The antiquary Sir William Gell (1777-1836) was most famous for his two books on the archaeological discoveries at Pompeii (also reissued in this series) but his interest in the topography of classical sites is also reflected in this work, first published in 1823. Gell describes his experiences of many visits to the Peloponnese over a period of twenty years, during which the Greek movement for independence from the Ottoman Empire was gathering momentum and widespread support in Europe. Written partly in response to a request to 'give us anything but your dull maps and measures', the book does t discuss archaeological sites in detail but rather records impressions of the lives of the Greek and Turkish inhabitants in the period immediately before the outbreak of war. Gell's own conclusions about the prospects for 'Grecian liberty' are gloomy: he holds it to be 'quite unattainable at the present day'.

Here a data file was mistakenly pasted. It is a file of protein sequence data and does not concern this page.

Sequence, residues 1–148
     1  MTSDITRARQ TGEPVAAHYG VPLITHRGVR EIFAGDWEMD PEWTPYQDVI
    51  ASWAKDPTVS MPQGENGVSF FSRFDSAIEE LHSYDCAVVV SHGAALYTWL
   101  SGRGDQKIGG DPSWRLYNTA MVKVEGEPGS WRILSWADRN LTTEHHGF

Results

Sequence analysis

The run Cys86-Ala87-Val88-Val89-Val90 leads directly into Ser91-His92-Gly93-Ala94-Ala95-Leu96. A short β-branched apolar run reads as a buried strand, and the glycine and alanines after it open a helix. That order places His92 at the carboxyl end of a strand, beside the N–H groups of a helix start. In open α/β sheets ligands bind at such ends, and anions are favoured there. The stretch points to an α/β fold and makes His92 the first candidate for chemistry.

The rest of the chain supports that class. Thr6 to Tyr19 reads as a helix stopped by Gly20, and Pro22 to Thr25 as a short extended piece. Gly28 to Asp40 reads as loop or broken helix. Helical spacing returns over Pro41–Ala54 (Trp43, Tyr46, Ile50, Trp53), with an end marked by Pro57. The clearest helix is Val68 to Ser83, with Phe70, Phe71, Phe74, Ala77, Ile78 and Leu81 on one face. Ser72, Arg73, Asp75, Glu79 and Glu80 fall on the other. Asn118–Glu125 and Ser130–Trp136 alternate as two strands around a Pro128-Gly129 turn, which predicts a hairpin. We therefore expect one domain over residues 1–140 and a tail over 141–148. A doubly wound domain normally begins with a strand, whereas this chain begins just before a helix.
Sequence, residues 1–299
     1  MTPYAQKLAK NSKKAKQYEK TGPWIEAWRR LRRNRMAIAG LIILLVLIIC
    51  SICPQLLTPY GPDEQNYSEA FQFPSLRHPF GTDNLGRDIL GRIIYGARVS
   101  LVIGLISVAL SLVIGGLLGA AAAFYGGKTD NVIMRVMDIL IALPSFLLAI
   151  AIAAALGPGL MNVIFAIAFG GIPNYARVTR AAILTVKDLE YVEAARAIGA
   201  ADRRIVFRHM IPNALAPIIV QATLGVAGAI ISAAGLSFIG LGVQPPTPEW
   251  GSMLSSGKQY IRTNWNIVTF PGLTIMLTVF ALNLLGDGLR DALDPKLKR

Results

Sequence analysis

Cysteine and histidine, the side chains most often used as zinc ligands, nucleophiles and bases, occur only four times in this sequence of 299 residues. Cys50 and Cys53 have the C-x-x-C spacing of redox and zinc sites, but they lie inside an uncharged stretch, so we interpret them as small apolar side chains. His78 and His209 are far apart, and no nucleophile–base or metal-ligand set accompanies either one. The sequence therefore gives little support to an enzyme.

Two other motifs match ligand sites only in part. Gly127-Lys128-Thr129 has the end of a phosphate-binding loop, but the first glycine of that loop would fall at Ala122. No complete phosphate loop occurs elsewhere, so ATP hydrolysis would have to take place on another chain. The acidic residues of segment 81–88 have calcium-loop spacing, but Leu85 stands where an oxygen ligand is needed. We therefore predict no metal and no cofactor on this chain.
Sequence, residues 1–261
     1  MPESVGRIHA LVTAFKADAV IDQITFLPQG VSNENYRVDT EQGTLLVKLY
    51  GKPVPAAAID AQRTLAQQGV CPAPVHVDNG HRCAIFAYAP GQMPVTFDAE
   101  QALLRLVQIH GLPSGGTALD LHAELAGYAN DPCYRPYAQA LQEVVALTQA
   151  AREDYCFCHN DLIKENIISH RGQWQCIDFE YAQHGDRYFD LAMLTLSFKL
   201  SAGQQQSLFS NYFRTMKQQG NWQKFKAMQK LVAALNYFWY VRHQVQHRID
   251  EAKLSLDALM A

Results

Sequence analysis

Cambridge Library Collection
Date of Publication
Cambridge Library Collection - Travel, Middle East and Asia Minor